Jester
04-22-2009, 05:23 AM
I've actually been TO Powell's. It is a booklover's dream. As is Strand's. :love:

ArcticChicken
04-22-2009, 06:02 AM
The Lies of Locke Lamora by Scott Lynch


about to start Mistborn


And now I know what goes on my list after I've re-read the rest of the Miles Vorkosigan books. I just love Brandon Sanderson, I almost want to read the entire Wheel of Time series, just to read the three he's finishing.

AdminAssistant
04-22-2009, 12:46 PM
The Necessity of Theatre
American Alternative Theatre
About 15 different books and articles on Anna Deavere Smith (for a paper)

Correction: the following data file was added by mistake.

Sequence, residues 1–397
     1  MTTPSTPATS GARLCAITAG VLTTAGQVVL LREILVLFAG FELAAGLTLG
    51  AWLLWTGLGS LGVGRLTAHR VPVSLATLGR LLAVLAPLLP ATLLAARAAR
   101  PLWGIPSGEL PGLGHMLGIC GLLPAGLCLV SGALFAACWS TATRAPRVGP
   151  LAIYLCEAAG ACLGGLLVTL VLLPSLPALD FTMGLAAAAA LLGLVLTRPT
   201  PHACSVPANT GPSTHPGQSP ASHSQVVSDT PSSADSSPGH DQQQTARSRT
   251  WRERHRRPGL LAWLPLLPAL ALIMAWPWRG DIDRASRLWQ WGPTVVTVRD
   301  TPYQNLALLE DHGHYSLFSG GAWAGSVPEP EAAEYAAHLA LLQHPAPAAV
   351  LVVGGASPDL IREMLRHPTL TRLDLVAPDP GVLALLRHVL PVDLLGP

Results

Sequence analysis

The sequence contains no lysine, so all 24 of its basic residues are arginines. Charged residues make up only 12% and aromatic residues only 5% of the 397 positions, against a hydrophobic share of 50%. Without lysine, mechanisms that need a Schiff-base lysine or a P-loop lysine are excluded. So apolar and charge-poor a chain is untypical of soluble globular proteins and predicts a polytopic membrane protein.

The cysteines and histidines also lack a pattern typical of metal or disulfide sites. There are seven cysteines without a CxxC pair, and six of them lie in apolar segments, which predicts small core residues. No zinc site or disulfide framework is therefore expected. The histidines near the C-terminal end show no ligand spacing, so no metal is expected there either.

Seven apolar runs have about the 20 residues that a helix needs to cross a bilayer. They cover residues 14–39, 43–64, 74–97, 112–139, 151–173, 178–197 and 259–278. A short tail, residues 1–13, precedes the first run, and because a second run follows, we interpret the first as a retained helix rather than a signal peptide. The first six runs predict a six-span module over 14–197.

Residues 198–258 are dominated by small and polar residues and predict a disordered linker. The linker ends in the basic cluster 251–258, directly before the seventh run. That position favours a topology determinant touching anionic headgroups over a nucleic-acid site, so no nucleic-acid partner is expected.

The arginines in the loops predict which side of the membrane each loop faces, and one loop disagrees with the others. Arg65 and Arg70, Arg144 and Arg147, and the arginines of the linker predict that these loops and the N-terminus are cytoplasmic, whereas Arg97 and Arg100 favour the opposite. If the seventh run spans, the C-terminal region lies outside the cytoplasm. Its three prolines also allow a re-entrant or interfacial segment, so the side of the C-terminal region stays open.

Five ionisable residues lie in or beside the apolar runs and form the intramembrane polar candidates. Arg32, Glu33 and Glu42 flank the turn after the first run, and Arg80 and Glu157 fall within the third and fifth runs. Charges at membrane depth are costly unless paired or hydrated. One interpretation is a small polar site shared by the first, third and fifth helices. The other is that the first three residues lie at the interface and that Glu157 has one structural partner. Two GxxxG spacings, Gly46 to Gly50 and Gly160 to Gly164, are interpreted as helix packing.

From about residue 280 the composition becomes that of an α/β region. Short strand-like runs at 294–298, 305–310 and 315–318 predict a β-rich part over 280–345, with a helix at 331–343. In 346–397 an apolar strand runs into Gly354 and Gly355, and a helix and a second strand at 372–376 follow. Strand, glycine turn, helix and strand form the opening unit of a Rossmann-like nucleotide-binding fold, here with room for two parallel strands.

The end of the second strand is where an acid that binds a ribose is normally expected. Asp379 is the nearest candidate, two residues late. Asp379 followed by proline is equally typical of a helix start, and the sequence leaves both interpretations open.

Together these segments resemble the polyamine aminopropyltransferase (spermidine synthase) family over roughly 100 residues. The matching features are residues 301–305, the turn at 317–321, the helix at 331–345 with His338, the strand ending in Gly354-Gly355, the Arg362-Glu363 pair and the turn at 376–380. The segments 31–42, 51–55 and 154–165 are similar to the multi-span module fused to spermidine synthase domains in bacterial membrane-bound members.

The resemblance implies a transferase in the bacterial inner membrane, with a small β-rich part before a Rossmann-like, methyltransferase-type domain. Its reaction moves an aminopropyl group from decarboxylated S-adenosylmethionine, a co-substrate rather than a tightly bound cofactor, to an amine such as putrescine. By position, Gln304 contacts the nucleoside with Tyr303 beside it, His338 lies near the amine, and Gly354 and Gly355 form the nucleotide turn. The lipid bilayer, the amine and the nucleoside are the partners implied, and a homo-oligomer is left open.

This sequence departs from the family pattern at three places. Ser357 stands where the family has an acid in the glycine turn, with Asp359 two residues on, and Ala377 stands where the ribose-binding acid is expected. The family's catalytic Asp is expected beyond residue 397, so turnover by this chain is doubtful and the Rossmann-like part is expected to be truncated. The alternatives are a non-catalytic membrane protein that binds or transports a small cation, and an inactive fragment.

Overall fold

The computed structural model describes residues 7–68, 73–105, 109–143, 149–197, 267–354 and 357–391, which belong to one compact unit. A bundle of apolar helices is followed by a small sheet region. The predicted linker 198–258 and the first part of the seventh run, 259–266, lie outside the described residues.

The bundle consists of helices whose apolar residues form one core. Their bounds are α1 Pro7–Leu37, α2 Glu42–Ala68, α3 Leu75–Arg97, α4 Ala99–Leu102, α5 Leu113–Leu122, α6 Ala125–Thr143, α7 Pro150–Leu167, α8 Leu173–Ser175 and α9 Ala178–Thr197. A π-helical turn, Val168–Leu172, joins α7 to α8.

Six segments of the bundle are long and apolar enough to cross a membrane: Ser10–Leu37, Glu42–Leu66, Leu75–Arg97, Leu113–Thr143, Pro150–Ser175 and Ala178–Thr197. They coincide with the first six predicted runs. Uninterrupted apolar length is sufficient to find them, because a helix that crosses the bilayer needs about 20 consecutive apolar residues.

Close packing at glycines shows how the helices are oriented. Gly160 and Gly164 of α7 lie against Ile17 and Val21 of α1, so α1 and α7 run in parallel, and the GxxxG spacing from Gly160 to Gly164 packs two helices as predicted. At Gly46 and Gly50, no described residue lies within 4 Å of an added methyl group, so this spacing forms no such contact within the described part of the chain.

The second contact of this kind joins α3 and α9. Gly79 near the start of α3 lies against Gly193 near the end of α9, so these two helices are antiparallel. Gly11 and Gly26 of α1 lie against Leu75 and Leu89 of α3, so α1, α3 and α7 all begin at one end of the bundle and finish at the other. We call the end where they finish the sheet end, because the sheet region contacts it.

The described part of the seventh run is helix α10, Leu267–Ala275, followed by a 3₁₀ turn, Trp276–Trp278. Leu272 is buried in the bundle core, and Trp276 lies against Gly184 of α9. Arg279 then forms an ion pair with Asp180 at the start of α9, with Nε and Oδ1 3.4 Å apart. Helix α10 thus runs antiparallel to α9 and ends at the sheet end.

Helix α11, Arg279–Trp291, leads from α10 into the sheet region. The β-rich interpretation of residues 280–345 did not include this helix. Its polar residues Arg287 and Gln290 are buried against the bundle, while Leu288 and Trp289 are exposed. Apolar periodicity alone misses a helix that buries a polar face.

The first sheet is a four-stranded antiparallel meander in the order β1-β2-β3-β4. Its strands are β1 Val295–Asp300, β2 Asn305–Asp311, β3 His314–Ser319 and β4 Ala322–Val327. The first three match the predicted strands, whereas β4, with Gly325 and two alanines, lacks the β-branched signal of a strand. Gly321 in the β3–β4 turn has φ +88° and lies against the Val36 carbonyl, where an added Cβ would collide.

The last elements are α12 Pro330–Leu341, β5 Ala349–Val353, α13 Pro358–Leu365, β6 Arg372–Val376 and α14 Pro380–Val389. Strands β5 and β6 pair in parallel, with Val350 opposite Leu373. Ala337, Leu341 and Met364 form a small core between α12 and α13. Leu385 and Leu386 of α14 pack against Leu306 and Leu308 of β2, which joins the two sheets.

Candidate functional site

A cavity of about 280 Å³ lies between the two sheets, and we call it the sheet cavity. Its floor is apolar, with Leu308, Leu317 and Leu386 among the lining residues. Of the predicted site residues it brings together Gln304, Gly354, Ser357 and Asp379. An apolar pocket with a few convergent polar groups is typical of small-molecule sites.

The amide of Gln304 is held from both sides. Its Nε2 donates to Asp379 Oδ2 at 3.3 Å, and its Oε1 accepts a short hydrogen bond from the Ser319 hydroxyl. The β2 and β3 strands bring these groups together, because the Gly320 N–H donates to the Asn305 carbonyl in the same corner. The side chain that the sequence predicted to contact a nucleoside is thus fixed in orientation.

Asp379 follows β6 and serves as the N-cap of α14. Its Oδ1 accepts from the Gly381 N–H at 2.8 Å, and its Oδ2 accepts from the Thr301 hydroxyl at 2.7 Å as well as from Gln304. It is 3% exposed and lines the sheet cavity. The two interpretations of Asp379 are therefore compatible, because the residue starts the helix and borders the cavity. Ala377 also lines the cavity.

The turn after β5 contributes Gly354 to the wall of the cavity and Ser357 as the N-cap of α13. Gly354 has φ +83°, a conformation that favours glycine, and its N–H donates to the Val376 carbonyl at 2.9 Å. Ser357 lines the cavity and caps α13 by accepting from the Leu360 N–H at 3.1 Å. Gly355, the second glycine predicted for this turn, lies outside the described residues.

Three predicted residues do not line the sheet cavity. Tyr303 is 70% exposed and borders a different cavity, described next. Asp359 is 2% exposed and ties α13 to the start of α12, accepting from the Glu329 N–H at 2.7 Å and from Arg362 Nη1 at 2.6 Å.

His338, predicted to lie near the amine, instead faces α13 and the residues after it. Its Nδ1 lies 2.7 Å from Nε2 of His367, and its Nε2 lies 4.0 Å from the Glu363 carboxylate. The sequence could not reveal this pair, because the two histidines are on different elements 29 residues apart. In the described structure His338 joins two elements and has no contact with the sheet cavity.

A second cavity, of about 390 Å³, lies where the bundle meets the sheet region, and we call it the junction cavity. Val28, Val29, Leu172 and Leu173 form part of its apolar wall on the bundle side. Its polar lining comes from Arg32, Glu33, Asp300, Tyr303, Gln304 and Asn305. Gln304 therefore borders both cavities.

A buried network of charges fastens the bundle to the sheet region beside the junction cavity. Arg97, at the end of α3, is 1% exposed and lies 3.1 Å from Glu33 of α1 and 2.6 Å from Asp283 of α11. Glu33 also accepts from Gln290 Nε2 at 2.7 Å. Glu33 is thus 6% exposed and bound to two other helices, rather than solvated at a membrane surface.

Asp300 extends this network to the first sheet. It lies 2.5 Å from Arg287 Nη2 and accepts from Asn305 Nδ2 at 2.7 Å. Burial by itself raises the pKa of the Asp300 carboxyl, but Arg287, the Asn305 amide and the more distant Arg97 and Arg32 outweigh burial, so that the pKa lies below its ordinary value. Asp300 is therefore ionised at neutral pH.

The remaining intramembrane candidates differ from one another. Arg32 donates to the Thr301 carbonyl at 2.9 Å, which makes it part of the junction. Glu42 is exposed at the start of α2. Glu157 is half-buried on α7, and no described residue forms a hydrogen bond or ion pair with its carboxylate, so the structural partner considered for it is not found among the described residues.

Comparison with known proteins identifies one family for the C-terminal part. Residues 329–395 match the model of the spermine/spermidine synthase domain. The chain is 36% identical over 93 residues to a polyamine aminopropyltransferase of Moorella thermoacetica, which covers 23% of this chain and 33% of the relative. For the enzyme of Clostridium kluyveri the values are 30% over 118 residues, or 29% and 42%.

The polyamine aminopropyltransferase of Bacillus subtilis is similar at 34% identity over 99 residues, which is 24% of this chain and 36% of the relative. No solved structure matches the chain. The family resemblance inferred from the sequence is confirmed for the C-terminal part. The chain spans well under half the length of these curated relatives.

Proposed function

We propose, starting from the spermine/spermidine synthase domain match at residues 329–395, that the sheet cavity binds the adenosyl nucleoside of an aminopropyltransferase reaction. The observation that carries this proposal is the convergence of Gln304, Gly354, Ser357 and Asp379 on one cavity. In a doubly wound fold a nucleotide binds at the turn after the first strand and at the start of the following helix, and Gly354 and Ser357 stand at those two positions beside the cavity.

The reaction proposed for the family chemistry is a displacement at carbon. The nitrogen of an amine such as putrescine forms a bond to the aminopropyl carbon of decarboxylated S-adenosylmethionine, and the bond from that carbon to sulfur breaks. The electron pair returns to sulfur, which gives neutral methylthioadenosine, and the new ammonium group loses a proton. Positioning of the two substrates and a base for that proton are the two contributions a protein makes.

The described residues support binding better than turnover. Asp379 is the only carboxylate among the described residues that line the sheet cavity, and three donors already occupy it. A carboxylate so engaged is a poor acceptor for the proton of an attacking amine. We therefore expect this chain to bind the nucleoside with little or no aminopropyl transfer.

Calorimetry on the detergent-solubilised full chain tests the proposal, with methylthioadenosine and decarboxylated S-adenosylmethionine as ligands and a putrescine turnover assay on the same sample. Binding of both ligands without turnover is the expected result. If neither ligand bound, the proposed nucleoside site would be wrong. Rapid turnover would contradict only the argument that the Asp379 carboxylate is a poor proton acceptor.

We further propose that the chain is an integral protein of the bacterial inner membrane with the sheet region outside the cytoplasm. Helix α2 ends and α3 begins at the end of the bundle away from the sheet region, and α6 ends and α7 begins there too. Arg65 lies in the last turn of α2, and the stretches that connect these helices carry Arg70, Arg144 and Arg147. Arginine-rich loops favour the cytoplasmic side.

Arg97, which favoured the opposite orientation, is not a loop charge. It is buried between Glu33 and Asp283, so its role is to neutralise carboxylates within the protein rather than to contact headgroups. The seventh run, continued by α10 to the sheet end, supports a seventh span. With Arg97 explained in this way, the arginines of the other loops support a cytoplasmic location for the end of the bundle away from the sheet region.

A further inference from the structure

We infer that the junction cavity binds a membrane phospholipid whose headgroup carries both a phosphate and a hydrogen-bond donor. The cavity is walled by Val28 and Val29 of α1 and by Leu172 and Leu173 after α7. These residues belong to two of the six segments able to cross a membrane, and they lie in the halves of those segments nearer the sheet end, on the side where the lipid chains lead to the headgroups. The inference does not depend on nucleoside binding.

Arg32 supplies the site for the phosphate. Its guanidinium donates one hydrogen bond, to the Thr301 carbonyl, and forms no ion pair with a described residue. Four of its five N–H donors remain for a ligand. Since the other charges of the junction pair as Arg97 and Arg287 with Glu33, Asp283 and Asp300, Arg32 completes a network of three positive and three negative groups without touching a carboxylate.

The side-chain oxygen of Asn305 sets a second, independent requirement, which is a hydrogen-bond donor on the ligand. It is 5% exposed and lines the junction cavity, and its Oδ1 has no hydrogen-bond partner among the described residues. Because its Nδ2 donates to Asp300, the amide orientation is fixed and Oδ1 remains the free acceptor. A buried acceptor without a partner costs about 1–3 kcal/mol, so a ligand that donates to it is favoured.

Living History Museums
An article I'm translating

How many weeks of school are left? Because I'm losing my MIND!!!!!! :cry: :(

(And coming up, approximately 60 3-5 page papers will be added to the pile. YAY.)

4love
04-22-2009, 03:04 PM
Edmund Spenser's The Faerie Queene, which I hope to finish before my 40th birthday (am currently in my mid-twenties) :lol:
The Survivor's Club, by Ben Sherwood
The Complete Idiot's Guide to Drawing Manga, 2nd Edition
Breaking Dawn by Stephenie Meyer


And I am this close to giving in and starting Tad Williams's "Memory, Sorrow and Thorn" series. Oh yeah, and my sister's copy of Inkdeath is sitting in the to-read pile. I should read that so I can return it; it's only been sitting there for four months. :ashamed:

Shangri-laschild
04-22-2009, 03:16 PM
I'm currently rereading the Dresden books. I just finished book 7 last night and am trying to hurry since I haven't read the new one yet. I'm waiting and reading them in order.